We love discovering debut authors — think of all the awesomeness they’ve yet to write! Today we’d like to introduce you to Rachel Dunne, whose first novel, the fantasy In the Shadow of the Gods, is out soon.
Name: Rachel Dunne
Book: In the Shadow of the Gods
Series: The Bound Gods
Current Home: Wisconsin Rapids, Wisconsin
Author Icon: Impossible to pick just one, so I’ll narrow it down to two: Mark Lawrence and Guy Gavriel Kay
Favorite Word: Superfluous
Was this the first full-length novel you ever wrote?
No, but I’d really like to forget the actual first one I wrote when I was 14. This is the second full-length novel I’ve ever written, but the first one that’s not horribly embarrassing.
How did you start writing?
There hasn’t really ever been a time in my life when I wasn’t writing or telling stories—that’s just always been a part of who I am. I love stories, I love books, and I’ve always known I wanted to be a writer, even if the stories I wrote were only ever for myself.
What was it like when you got “The Call”?
I was at work when I got the email from my agent that everything was finalized, and I’m lucky my coworkers are so awesome and supportive. There was a lot of really high-pitched squeeing, and some dancing that was a lot like jumping and flailing. It felt really surreal then, and it still does sometimes.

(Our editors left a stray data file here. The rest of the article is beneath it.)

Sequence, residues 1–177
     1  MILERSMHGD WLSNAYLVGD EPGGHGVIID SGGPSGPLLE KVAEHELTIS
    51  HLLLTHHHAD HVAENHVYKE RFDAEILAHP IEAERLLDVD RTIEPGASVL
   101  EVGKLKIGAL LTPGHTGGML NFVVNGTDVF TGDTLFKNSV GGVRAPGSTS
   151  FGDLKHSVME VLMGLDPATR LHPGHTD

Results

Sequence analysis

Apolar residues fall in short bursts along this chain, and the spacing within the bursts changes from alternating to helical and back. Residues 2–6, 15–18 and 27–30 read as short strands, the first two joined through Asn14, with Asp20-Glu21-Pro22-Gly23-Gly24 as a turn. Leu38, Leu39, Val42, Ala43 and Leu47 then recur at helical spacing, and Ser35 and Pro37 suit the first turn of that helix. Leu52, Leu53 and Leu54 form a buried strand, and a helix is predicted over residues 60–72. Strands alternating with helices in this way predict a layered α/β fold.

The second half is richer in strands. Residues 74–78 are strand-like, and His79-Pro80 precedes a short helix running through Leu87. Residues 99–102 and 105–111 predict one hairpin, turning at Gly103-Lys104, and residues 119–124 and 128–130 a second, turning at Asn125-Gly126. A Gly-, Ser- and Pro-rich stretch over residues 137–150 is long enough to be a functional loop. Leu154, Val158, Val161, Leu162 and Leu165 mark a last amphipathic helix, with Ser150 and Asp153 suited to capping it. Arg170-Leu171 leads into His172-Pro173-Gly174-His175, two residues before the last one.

What’s your favorite paragraph in In the Shadow of the Gods?
Oof, that’s tough! Most of my favorite passages are from the character Scal’s point of view, because his voice is so unique and fun to write.
So Scal learned to hate. These people who looked so like him, who spoke the words his heart had always known, they were no blood of his. No matter what Iveran said, he would never be one of them. He learned to make a mask of his face, to keep the hatred hidden away. He would lay at night in his pile of furs in Iveran’s home and listen to the chieftain snore. The little bone knife in his hand. The lump of his hatred and his hurt held closest in his heart. He would wish for Iveran’s death, as he had never before wished for a man to die. And yet he would stay wrapped in his furs all night, and sheathe the little knife only in his boot.
What’s been the best and most unexpected part of your writing journey so far?
The best part, hands down, has been working with my amazing editor Rebecca Lucash. I always had the belief that I was a first-draft-and-done kind of writer (oh, the hubris … ), and that the editing process would mostly be small tweaks, corrections, polishing. Turns out it’s a lot more than that, and I’ve never been happier to be wrong! Rebecca has been wonderful to work with, and it’s so great having someone who’s just as excited about my book as I am. In the Shadow of the Gods wouldn’t be the book it is today without her, in a very literal sense—she “made” me rewrite about a fourth of the book, and even though I fought her in the beginning, she was so right, and I am so grateful.
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